The present invention makes use of FM modulation of a laser light source in a novel digital signal processing apparatus in which the value of the relative phase shift φ in an interferometer is determined. The system is particularly applicable for use with interferometric fiber optic sensors. A particular class of interferometric fiber optic sensors uses a fiber Fabry-Perot interferometer (FFPI) to measuring in-cylinder pressure in internal combustion engines.
In accordance with the present invention, a microcontroller-based digital signal processing system is provided for use with interferometric fiber optic sensors. A single laser source provides optical power for one or more such sensors. The laser current is repetitively modulated so the frequency of the emitted light is substantially a linear function of time during part or all of a modulation cycle. The interferometer phase shift is substantially proportional to the elapsed time from the initiation of a modulation cycle until the sensor output signal level crosses a threshold value proportional to the laser output power. This elapsed time, which varies in proportion to the value of a measurand which affects said interferometric fiber optic sensor, is determined using a digital timer or counter. The timer or counter output is multiplied by a predetermined calibration factor to obtain a digital representation of the measurand value.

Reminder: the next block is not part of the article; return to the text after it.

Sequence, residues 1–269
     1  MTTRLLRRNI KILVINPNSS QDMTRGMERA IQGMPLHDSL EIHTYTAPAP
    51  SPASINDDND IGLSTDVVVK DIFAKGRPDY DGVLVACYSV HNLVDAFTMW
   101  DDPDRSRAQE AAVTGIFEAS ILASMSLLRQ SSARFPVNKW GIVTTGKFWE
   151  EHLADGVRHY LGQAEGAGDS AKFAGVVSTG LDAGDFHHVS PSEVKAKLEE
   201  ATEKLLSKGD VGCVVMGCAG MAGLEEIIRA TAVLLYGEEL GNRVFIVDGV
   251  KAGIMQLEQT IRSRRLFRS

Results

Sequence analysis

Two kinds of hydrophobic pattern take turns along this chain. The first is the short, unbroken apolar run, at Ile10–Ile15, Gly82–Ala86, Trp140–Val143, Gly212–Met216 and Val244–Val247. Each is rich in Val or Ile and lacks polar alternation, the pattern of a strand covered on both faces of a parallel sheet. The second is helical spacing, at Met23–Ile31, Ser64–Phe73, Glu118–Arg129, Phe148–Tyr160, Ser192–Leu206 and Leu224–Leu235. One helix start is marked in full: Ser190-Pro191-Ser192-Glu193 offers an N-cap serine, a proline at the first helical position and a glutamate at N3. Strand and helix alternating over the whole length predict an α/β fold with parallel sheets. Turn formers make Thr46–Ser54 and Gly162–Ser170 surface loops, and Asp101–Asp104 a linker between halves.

For a better understanding of the present invention, reference may be made to the accompanying drawings, in which:
FIG. 1 is a simplified diagram illustrating the frequency vs. time emitted by a modulated semiconductor laser light source in a preferred embodiment of this invention;
FIG. 2 is an idealized plot of the temporal dependence of the photocurrent from two photodetectors which respectively monitor the light from said modulated light source and the light from an interferometric sensor which receives optical power from said light source;
FIG. 3 reproduces the plot of FIG. 2 on an expanded time scale and shows the effect of an optical phase change in an interferometric sensor on the photocurrent signal produced by the light from said sensor;
FIG. 4 is a schematic diagram of an embodiment of the microcontroller-based digital signal conditioning system for a single interferometric fiber optic sensor constructed in accordance to the teachings of the present invention;
FIG. 5 is a schematic diagram of a microcontroller-based digital signal conditioning system for a multiplicity of interferometric fiber optic sensors constructed in accordance to the teachings of the present invention;
FIG. 6 is a schematic diagram of the sensing system constructed in accordance with the present invention used to measure in-cylinder pressure in an engine; and
FIG. 7 shows a pressure vs. time plot for a four cylinder engine measured using the present invention in the configuration of FIG. 6.
The present invention is concerned with the measurement of the relative phase shift φ in an interferometer. It is assumed that a measurand of interest, such as pressure, strain, or temperature, affects the optical phase shift in said interferometer and the value of said measurand can be related to said phase shift through a calibration factor.